This was the very first time that I was tasked to teach students particularly High School Students in my whole life. I was hesitant and afraid at first since I remember how I acted when I was at their age during this kind of activity and was thinking is this my karma, just kidding. This was actually a great experience and looking forward to doing this again.
Wetland Bioblitz is an activity spearheaded by the Society for the Conservation of Philippine Wetlands (SCPW). I was able to join twice out of the Three Pilot sites for the project which are located in Pangil, Lumban, and Mabitac, Laguna.
The Wetland Bioblitz activities include Learning Session about wetlands, its importance and the current efforts to conserve them; an orientation seminar on the methods to be used in the field activity; actual fieldwork which ideally should be implemented for 24 hours; data consolidation and processing; Visioning and Action Planning; and presentation to the Local Government Executives, school officials, and other partners.
During our activity in Pangil and Lumban, Laguna, we were tasked to teach students how to do Rapid Assessment of Wetland Ecosystem Services (RAWES) Approach. This method is developed by Convention on Wetlands or Ramsar Convention to assess a wetland through interviews with locals and quick observation in the area to determine the ecosystem services provided by the wetland with limited time and equipment. With my colleagues from Biodiversity Management Bureau (BMB) Joyce Se (during Pangil) and Zoisane Lumbres and Jayson Pujeda (during Lumban), we introduced to our students what are wetlands, examples of wetlands (inland, human-made and coastal), what is ecosystem services such as Provisioning, Regulating, Cultural and Supporting Services and its importance.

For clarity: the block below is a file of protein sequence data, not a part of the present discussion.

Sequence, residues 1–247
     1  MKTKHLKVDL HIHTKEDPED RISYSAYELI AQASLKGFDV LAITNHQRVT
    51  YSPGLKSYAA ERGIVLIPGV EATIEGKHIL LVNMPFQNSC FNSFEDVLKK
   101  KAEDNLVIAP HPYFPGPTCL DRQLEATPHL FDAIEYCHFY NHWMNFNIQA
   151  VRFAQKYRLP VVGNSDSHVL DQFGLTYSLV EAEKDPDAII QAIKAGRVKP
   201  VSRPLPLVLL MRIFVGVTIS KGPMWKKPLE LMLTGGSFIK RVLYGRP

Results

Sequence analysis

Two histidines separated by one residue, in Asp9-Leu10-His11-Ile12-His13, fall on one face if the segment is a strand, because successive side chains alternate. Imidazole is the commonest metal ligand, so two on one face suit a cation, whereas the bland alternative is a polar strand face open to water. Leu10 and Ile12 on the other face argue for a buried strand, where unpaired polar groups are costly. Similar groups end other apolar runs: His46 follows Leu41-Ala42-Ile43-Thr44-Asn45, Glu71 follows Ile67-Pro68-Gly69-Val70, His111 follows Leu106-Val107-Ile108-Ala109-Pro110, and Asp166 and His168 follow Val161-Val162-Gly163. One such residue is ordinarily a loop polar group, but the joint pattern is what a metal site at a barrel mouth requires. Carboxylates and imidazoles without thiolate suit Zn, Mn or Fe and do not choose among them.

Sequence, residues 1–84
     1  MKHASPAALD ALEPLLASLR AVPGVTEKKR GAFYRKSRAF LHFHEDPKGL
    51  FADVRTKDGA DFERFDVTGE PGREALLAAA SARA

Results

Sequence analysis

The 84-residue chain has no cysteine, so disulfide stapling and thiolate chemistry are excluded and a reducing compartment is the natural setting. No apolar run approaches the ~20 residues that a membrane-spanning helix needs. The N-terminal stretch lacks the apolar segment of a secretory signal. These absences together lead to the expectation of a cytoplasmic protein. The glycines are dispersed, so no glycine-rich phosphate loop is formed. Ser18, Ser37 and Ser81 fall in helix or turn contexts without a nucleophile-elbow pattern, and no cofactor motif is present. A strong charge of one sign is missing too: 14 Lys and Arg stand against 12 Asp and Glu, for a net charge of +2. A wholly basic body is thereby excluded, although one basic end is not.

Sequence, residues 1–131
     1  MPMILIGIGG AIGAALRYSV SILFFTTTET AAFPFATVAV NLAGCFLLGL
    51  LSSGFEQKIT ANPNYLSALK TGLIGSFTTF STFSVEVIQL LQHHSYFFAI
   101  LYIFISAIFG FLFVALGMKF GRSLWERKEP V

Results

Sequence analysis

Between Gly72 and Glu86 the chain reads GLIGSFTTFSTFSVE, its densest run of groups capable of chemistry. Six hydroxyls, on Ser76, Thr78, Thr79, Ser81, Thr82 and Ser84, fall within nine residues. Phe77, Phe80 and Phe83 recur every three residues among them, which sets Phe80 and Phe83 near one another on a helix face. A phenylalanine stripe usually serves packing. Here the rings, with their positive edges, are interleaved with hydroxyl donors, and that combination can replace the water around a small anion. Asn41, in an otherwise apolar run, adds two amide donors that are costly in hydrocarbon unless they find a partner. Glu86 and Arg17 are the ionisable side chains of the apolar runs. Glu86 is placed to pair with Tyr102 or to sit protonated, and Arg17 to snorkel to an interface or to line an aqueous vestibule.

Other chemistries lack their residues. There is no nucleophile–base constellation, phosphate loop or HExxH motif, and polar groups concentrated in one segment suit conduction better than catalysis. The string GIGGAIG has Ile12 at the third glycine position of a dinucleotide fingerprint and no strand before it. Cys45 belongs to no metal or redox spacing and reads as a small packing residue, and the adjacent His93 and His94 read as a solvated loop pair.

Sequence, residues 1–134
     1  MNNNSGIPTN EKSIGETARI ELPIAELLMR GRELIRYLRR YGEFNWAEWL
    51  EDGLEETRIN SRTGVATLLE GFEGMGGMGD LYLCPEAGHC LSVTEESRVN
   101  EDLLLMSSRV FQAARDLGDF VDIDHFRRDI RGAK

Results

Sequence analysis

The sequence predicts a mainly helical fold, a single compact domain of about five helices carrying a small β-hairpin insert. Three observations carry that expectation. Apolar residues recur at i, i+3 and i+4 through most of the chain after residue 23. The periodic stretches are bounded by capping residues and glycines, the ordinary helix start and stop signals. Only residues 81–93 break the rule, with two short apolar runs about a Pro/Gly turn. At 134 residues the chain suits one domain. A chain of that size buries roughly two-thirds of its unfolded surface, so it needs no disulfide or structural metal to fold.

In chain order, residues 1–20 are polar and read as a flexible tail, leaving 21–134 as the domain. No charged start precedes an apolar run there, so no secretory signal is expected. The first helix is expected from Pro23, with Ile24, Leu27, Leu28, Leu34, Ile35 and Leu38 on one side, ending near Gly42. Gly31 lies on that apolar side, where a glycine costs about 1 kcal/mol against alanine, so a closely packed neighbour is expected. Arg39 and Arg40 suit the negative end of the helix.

After the short introduction about wetlands and ecosystem services, we provide a copy of the Manual of RAWES Approach to the students and gave them a task to identify a set of questions that they can use for each ecosystem services that they will use during the fieldwork. During the fieldwork, we instructed them that they need to interview locals as much as possible and each interview should not exceed 1 hour since we only have limited time for the activity. After the data gathering, our students were tasked to present the data collected and identify what are the important and dominant ecosystem services for the area. Also, they include the recommended next steps on conserving, maintaining and improving the ecosystem services of the area such as proper solid waste management, protection of wild flora and fauna from poaching and implementation of existing laws on environmental protection.
It was a pleasure to teach students about the importance of our environment and natural resources. Also, it was fulfilling that we were able to educate them and we also learned from them a lesson that we need to educate the young ones about environmental awareness and conservation efforts because they were the future generations who will continue the advocacy in protecting our environment particularly our wetlands.